State of UP Ag: Special challenges face farmers
With a short growing season and remote location Upper Peninsula farmers have unique challenges compared to those experienced by farmers in fair-weathered states.
The commercial farming industry could be worth $50-75 million a year, according to a rough estimate by Jason Isleib, a crop production educator at the Michigan State University Extension office in Escanaba.
The Upper Peninsula is a natural resource-based region, Isleib explained.
“Agriculture is a pretty small sliver of the total economy. It’s an important part, but it’s a small part,” he said.
Given the growing season, the agriculture is mainly livestock, cattle in particular, dairy, hay and forage.
The hay and forage plays heavily into the livestock industry as well, Isleib explained. Many farmers breed cattle and sell them out of the region once they have been weaned.
Other important crops include potatoes and a few major dry bean growers.
“We have a significant long-time potato industry in the Upper Peninsula, about half of which are seed growers. They grow certified seed to sell to other growers all around the state and region,” Isleib said.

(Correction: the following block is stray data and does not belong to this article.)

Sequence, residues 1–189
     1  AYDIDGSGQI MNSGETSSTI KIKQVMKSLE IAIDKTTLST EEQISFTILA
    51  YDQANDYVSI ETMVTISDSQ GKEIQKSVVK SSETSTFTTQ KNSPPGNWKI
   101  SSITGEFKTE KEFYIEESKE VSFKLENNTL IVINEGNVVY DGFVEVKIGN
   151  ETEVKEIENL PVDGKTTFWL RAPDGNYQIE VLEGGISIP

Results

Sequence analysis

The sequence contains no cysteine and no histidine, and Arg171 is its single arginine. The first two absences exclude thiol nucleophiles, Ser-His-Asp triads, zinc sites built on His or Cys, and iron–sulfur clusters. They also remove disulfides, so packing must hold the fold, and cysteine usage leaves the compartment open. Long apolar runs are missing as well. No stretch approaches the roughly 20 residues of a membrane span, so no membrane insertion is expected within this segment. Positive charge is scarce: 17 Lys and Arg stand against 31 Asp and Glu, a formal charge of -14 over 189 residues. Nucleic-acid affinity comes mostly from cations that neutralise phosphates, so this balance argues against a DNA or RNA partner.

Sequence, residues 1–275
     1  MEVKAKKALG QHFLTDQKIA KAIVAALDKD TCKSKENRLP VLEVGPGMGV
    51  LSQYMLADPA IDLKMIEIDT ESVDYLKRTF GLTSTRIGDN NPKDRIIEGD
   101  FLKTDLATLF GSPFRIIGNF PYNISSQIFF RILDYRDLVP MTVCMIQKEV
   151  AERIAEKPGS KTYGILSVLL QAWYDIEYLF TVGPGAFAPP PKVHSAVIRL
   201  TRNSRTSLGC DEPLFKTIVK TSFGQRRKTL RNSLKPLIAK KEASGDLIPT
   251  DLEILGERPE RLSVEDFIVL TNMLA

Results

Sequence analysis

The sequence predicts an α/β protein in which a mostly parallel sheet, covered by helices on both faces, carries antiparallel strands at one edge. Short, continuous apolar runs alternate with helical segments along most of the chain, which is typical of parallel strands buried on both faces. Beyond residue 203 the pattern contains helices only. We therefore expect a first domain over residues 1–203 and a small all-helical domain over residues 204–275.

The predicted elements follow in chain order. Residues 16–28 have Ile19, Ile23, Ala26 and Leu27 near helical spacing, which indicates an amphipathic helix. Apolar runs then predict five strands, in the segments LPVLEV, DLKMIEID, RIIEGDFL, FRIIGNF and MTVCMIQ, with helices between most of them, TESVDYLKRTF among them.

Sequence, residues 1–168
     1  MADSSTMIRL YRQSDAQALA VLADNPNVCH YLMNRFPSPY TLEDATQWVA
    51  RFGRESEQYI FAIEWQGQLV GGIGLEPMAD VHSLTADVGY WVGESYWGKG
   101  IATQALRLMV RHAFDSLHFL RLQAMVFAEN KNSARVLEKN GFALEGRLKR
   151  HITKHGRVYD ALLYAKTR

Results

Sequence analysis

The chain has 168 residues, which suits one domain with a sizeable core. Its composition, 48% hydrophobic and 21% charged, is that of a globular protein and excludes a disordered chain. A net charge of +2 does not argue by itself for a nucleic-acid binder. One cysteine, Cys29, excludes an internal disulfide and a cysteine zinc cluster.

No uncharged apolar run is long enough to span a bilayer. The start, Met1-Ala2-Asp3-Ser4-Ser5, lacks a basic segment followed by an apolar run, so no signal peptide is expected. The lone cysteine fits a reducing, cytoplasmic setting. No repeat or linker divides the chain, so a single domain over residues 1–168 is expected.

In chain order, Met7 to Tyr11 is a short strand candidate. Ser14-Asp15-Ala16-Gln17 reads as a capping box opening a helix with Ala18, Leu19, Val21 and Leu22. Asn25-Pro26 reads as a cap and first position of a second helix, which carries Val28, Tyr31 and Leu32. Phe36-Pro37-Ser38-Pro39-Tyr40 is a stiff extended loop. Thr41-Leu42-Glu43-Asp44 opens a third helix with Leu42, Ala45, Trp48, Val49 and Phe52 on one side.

Upper Peninsula farmers are a tough bunch, he said, faced with unique challenges and benefits to working in the region.
“We have such a short growing season we cannot grow a lot of the commodity crops that are real straightforward and easy to market,” Isleib said, mentioning corn, grain and soybeans as examples.
The soil quality is not the best either, requiring extra effort to improve. The distance to large markets can be an issue when transportation is considered.
However it’s not all bad news for U.P. commercial farmers. Lower land costs can be very attractive for producing in the region, Isleib explained. The U.P. lifestyle of a more natural and relaxed environment is a primary attribute.
TOMORROW: While agricultural production in the U.P. is holding steady, the number of family farms is decreasing.